“Your organisation should do nothing further to commit itself to wage increases in the expectation that EYQF (Early Youth [sic] Quality Fund) funding will be made available for those wage increases.”

An inevitable result. I publicly attacked the EYQF when it was first announced, and have done so ever since. It was, and is, appalling public policy.

It is important, vitally important, to remember that advocacy for our sector should not be tied to a single campaign, a single announcement, or a single political party.

The EYQF was a political victory for United Voice, not for the sector.

It was a last-ditch and desperate attempt by the out-going Labor Government to attempt to wedge the Coalition on childcare issues.

If the then-Government had taken the issue of professional wages seriously, they had six years in Government to do something about it. A fund that would apply to 40% of the sector, announced at the eleventh hour, was a joke.

So now we have early childhood centres who have, in good faith, applied for funds under the EYQF who will miss out. Threats of a class action are just threats at this stage, and I can’t anticipate that anyone in the ECEC sector will have the funds to launch a long and expensive court case.

The ECEC sector should immediately dismiss the EYQF, and union members should strongly advocate that only a solution that applies to the entire sector, without strings, should ever be agreed to on their behalf again.

Roll on the Pay Equity case at Fair Work Australia.

Wage rises for educators now in doubt

The AFR is reporting that the incoming Abbott Government will be “redistributing” funds from the Early Years Quality Fund and a similar wage-increase fund in the aged care sector.

The Coalition may reallocate the childcare fund, which was set up to distribute any taxpayer-subsidised pay rises for childcare workers.

It is unclear whether any childcare workers had received the wage top-up already because the Labor government was late to release the eligibility rules for the two-year wages subsidy, which was due to end in 2015.

The Coalition’s childcare policy states it would honour any contracts already made and the remaining funds would be kept in the government’s childcare budget.

It is entirely unclear what this will actually mean. No money has started rolling out to services, although some contracts have been signed.

Some services had received “conditional approval”, and the incoming Government has not made clear whether they will be honoured.

UPDATE: Early Childhood Australia have released a statement calling on the incoming Government to honour the funding commitments in the EYQF. The statement is worth reading in full, and highlights the inequities and divisions inherent in the Fund.

In order to be eligible for the fund, organisations were required to have an Enterprise Agreement (EA) in place with their employees. The creation of ‘haves’ and ‘have-nots’ did not sit well with a sector that takes its ethics and commitment to social equity very seriously.  There was considerable dissension and concern in the early childhood sector, as demonstrated by the submissions to the Senate Inquiry Submissions on the Legislation.

 

Where does Rudd’s return leave ECEC?

So, where does the rise of Rudd 2.0 leave early childhood education and care in Australia? As with most policy areas right now, we can only speculate (a very popular pastime right now).

The only certainty is that Peter Garrett has resigned his position as Minister for ECEC. Kate Ellis has not made any announcements, but has regularly voiced her clear support for Julia Gillard in the past. Unless she has changed her position to support for Kevin Rudd, it seems reasonable to assume that she may also choose to stand down in the near future.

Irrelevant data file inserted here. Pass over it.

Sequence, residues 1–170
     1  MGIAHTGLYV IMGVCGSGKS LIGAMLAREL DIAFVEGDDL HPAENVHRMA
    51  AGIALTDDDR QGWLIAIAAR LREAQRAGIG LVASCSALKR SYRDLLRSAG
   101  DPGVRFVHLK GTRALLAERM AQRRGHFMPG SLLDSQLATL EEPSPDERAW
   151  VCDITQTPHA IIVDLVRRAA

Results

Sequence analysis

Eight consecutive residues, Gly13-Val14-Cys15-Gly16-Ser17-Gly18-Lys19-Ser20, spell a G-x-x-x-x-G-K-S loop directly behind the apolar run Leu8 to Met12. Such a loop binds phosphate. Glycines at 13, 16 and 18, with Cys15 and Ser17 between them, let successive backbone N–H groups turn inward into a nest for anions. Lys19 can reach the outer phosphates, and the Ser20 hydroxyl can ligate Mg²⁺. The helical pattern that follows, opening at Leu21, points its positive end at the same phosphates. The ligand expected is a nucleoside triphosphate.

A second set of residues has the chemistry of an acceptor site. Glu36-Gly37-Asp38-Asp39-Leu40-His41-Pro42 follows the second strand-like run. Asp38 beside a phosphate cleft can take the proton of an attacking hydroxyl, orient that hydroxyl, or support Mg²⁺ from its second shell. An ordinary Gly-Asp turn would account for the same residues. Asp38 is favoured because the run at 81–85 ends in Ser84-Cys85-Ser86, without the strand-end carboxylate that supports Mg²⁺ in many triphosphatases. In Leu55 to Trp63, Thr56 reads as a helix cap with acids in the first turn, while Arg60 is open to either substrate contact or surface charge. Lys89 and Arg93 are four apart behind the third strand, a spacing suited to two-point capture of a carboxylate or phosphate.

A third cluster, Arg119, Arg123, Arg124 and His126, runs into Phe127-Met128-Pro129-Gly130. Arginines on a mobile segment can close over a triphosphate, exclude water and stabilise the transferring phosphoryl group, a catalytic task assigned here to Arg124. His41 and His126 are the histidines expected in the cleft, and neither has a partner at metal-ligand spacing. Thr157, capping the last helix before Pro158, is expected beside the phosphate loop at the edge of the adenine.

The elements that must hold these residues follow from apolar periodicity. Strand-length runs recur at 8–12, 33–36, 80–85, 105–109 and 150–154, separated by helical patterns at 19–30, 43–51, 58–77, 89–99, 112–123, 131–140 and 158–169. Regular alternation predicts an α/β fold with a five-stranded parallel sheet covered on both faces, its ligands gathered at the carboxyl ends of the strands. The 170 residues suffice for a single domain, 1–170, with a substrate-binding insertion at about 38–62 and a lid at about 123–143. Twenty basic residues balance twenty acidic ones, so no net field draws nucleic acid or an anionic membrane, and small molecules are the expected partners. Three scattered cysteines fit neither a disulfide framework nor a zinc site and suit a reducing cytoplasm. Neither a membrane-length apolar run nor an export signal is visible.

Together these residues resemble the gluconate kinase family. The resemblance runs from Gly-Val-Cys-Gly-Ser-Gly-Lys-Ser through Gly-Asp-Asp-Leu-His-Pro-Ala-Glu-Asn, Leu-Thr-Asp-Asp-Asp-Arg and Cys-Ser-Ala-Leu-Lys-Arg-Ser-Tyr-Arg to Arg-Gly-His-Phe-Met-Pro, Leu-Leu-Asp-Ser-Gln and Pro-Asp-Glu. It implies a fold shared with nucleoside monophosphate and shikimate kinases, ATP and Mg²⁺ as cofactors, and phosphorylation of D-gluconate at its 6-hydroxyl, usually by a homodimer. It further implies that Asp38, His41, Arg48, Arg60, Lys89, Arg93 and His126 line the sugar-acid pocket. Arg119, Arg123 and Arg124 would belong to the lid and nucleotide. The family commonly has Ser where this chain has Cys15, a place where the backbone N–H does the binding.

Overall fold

Ellis and Garret have been the principal drivers of the National Quality Agenda within the Government, and their loss could signal that the NQA will be a low-priority during the period until the next election. The Department, DEEWR, will likely be sidelining any new work on it as well, awaiting the outcome of the election.

Rudd has voiced his general support for early learning before, particularly in the lead-up to the 2007 election where he shared his vision of “super-schools”, which incorporated early learning and K-12 in an integrated model.

This model was never really pursued, as economics and asylum seekers dominated the political agenda. It is completely unclear where Rudd would take ECEC if he is re-elected.

The most recent policy news for ECEC is the passing of the Early Years Quality Fund into law. This does not 100% guarantee that this will now be in place, but it does make it far more difficult to be halted.

This will be an interesting one – Rudd is no friend of the union movement, and may choose to back down in the face of a concerted push from the private operators to drop it.

Due to the fundamental inequity of the EYQF, as I have written before, this would be no terrible thing – but Rudd would need to swiftly announce a plan to replace it and address the wage inequity for educators.

Hopefully the commitment to a wage equity case at Fair Work Australia will remain – this seems very likely, as it is a relatively small commitment of many with almost no real detractors. It also allows Rudd to “kick the can down the road” for another couple of years.

The fundamental uncertainty is going to be around the continuation of the NQF reforms. The qualification requirements for 2014 are going to be a huge struggle for the sector, and it is entirely possible that the new-look Government may choose to put them on hold. Rudd will be looking to win over “working families”, and a commitment to push pack potential qualification-driven fee increases could be popular.

This will be a tricky one for the sector to manage. I am whole-heartedly committed to having people with the highest qualifications, but implementing them without structural reform to enable centres to actually recruit them seems ridiculous.